Gopalgarh shadow over Congress prospects
Riot accused at large, party’s Muslim faces not the ‘right’ ones — it’s not good news for the Congress in Rajasthan. Sunita Aron reports.india Updated: Oct 24, 2013 22:42 IST
In 1971, the Congress party had given Rajasthan its first Muslim chief minister — Barkatullah Khan — but today, three decades later, the same party is struggling to just retain this constituency.
Muslims comprise 10% of the state’s population, but form a critical chunk of the Congress support base and their sheer indifference, if not desertion, could upset the Congress’ equations in the state.
Apparently, the Muslims are still furious over the Gopalgarh riots and hold the chief minister Ashok Gehlot responsible for the ‘firing on the namazis’ and the consequent mismanagement. Rajasthan Muslim Forum secretary Mohammed Nazimuddin had earlier told HT, “Be it Gopalgarh or Soorwal, the accused are still at large and officials responsible have been given a clean chit.”
Ten persons of the Meo Muslim community were killed in communal violence and police firing in the town of Gopalgarh in Bharatpur district in September 2011. Earlier that year, police inspector Phool Mohammad was burnt alive by an angry mob at Soorwal town of Sawai Madhopur district after a youth who had climbed a water tank, jumped from it and died.
GIVE AND TAKE
The three prominent Muslim organisations active in state politics are the Milli Council, the Rajasthan Muslim Forum and the Jamaat-e-Islami Hind.
“In 25 assembly constituencies, Muslims with a population of 15 to 20% play a decisive role, especially when the victory margin is 3 to 4%. They turn passive when angry and this could be detrimental to the Congress’ electoral prospects,” said Mohammad Salim Engineer of the Jamaat-e-Islami Hind. According to Engineer, winnability is not an issue, as 12 of 17 Muslim candidates had won in 2008. Two of them were representing the BJP.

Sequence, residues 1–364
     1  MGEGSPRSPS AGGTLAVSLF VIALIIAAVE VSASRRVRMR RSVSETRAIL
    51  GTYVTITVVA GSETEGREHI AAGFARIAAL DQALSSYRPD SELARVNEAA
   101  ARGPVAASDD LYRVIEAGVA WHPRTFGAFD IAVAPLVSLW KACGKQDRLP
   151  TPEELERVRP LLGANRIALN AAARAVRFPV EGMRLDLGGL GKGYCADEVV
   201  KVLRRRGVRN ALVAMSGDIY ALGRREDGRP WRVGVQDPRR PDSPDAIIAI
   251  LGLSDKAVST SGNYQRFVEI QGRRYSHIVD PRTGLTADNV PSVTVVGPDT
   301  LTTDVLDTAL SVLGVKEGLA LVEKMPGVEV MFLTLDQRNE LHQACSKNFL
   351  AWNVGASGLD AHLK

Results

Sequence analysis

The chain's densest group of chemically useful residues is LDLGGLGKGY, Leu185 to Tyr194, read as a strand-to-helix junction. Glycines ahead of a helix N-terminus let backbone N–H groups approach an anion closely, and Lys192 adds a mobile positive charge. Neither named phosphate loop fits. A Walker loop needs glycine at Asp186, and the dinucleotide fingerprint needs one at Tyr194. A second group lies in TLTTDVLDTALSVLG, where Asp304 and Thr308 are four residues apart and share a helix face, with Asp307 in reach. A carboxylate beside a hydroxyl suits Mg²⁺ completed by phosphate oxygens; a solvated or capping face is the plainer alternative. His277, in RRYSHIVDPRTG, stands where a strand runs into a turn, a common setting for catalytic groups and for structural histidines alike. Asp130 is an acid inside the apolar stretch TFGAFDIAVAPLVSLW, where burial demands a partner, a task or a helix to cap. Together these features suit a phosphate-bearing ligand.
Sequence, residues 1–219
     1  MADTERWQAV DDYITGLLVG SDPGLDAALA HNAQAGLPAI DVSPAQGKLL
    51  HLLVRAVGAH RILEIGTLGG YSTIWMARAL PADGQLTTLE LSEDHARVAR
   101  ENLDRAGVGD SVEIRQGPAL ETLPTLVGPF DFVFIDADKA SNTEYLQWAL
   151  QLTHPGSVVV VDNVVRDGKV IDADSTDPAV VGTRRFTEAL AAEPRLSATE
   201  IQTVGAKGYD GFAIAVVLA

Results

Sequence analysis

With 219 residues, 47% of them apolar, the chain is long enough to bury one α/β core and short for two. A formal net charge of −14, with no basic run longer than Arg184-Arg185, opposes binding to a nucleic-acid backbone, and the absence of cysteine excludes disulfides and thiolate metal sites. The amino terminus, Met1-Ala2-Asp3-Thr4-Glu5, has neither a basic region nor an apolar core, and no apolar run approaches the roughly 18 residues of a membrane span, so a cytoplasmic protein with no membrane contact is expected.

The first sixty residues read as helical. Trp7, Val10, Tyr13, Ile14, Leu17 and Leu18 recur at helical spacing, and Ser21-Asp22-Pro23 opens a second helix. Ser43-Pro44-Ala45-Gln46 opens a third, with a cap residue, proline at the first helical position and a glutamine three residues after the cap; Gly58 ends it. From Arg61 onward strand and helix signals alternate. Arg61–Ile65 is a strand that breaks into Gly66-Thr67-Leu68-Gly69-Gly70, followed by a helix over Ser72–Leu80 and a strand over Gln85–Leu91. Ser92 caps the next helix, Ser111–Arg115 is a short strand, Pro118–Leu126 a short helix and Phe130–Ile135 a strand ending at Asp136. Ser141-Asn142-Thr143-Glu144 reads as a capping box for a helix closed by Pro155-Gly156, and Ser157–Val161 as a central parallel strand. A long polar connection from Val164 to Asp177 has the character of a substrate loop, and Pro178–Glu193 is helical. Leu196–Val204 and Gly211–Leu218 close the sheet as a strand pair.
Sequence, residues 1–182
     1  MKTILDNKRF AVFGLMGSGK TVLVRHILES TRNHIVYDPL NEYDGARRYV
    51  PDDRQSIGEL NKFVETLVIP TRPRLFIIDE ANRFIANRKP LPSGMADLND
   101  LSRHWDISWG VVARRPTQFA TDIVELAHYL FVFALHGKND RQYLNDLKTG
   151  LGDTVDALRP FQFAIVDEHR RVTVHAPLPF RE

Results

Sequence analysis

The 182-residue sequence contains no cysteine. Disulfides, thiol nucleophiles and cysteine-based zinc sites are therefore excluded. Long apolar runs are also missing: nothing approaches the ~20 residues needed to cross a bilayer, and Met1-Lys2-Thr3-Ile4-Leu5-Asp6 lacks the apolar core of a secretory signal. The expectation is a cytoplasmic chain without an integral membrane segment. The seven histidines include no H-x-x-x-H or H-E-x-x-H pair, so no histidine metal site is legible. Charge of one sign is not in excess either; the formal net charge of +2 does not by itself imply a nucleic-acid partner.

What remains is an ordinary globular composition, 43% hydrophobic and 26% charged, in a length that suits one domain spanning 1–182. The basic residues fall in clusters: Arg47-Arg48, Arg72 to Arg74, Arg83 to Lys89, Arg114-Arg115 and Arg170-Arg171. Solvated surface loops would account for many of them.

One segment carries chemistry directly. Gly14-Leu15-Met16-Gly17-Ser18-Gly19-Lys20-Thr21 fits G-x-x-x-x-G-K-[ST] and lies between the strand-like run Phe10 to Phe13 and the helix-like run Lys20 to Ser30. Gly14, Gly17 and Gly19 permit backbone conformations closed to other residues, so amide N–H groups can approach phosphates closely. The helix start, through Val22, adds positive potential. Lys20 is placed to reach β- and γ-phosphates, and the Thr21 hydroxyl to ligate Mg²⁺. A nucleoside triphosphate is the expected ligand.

“We have demanded the political parties give us 25 of the 200 assembly seats and quota in jobs in lieu of our support,” said Abdul Latif of the Milli Council. The council was holding regular meetings to monitor key issues and would be releasing an advisory closer to elections, he said.
The displeasure with the Congress government notwithstanding, Muslim leaders admit they have little option but to support the Congress in a bi-polar state. “Vasundhara Raje is not so communal, but the BJP is controlled by the RSS. Muslims will not at any cost support the BJP even if they give us tickets,” said Engineer.
The smaller political groups in the state are also battling for their own survival. Some social activists and Jammat-e-Islami Hind are currently toying with the idea of releasing their public manifesto, besides fielding some candidates on seats they consider strong.
All this is bad news for the Congress.
Activist DI Khan, who often resolves petty Hindu-Muslim tangles in Udaipur, said, “The Congress is losing support as it has neither fielded the right Muslim candidates, nor rewarded the leaders who enjoy a clout in the community. Muslims will continue to support the party but their voting percentage can slip.”